The Italian Dictatorship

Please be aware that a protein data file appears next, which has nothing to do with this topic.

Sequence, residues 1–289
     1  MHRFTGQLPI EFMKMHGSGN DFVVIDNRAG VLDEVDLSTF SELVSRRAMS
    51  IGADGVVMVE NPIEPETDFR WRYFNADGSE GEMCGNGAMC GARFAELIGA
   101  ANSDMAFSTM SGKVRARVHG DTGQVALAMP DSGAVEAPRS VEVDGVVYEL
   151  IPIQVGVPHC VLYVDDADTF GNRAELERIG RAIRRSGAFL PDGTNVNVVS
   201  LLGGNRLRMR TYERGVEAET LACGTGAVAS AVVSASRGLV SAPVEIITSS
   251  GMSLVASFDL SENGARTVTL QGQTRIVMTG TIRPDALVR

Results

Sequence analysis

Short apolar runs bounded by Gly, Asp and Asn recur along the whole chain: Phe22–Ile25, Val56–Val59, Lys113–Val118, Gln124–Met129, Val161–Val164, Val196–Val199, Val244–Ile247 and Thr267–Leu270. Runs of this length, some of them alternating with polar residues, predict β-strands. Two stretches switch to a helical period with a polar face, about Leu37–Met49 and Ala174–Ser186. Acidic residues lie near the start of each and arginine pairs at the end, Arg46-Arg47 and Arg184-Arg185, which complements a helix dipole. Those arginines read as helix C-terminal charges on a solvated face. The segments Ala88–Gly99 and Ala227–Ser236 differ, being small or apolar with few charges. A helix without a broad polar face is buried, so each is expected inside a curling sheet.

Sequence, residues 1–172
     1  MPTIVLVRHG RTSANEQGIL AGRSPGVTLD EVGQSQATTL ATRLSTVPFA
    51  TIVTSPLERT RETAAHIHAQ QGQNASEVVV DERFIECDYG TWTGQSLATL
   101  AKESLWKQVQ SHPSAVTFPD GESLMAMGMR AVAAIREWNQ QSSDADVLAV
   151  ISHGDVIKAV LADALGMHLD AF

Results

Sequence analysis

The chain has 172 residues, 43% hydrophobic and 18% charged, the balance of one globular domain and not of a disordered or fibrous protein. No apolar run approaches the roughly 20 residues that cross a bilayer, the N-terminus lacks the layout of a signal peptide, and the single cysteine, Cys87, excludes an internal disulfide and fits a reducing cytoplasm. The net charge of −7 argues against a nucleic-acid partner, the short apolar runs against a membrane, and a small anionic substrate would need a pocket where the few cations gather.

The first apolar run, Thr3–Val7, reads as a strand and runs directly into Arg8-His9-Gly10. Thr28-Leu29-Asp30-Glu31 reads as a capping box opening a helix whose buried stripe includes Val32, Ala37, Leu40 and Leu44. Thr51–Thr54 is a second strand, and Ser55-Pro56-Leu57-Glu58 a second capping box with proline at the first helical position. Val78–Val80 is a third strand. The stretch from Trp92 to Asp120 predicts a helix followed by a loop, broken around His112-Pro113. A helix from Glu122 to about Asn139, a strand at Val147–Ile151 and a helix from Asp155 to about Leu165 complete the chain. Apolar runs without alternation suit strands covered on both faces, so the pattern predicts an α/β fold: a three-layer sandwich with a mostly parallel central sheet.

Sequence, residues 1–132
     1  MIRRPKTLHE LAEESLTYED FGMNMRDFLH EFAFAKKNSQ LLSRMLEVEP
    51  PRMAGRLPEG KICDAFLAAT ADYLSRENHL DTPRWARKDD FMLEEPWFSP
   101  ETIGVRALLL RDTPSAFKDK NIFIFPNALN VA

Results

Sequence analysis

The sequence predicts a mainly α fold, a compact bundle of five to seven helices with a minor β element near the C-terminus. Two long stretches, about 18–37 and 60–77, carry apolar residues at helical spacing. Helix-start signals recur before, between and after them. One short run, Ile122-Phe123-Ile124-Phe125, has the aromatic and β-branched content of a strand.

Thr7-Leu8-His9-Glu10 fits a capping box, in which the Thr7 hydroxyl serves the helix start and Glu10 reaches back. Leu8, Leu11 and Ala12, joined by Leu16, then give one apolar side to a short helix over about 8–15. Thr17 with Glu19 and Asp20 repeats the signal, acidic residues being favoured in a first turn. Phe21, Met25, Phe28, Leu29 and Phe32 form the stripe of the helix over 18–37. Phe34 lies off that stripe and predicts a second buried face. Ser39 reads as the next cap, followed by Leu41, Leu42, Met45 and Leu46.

What was Italian Fascism? Was it the ideology and experience of the trenches brought to political authority? Or did it express the hopes and ideals of an emerging middle class which had done well out of the First World War? To what extent was fascism a boys' ideology? And to what degree did Mussolini lead - and to what extent follow - public opinion? 'The Italian Dictatorship' offers a skilful probing of the central debates in the area and a detailed critique of the ways in which the history of fascism has been given meaning in Italy and in the wider world since 1919. Beginning in the 1990s, with the political, cultural and historiographical crisis of the collapse of the 'First Republic' in Italy, the account then returns to the inter-war period to review fascist, conservative, liberal and Marxist understandings of fascism, examining not only the more traditional sources but also film, 'memory', music and other arenas in which history is crafted.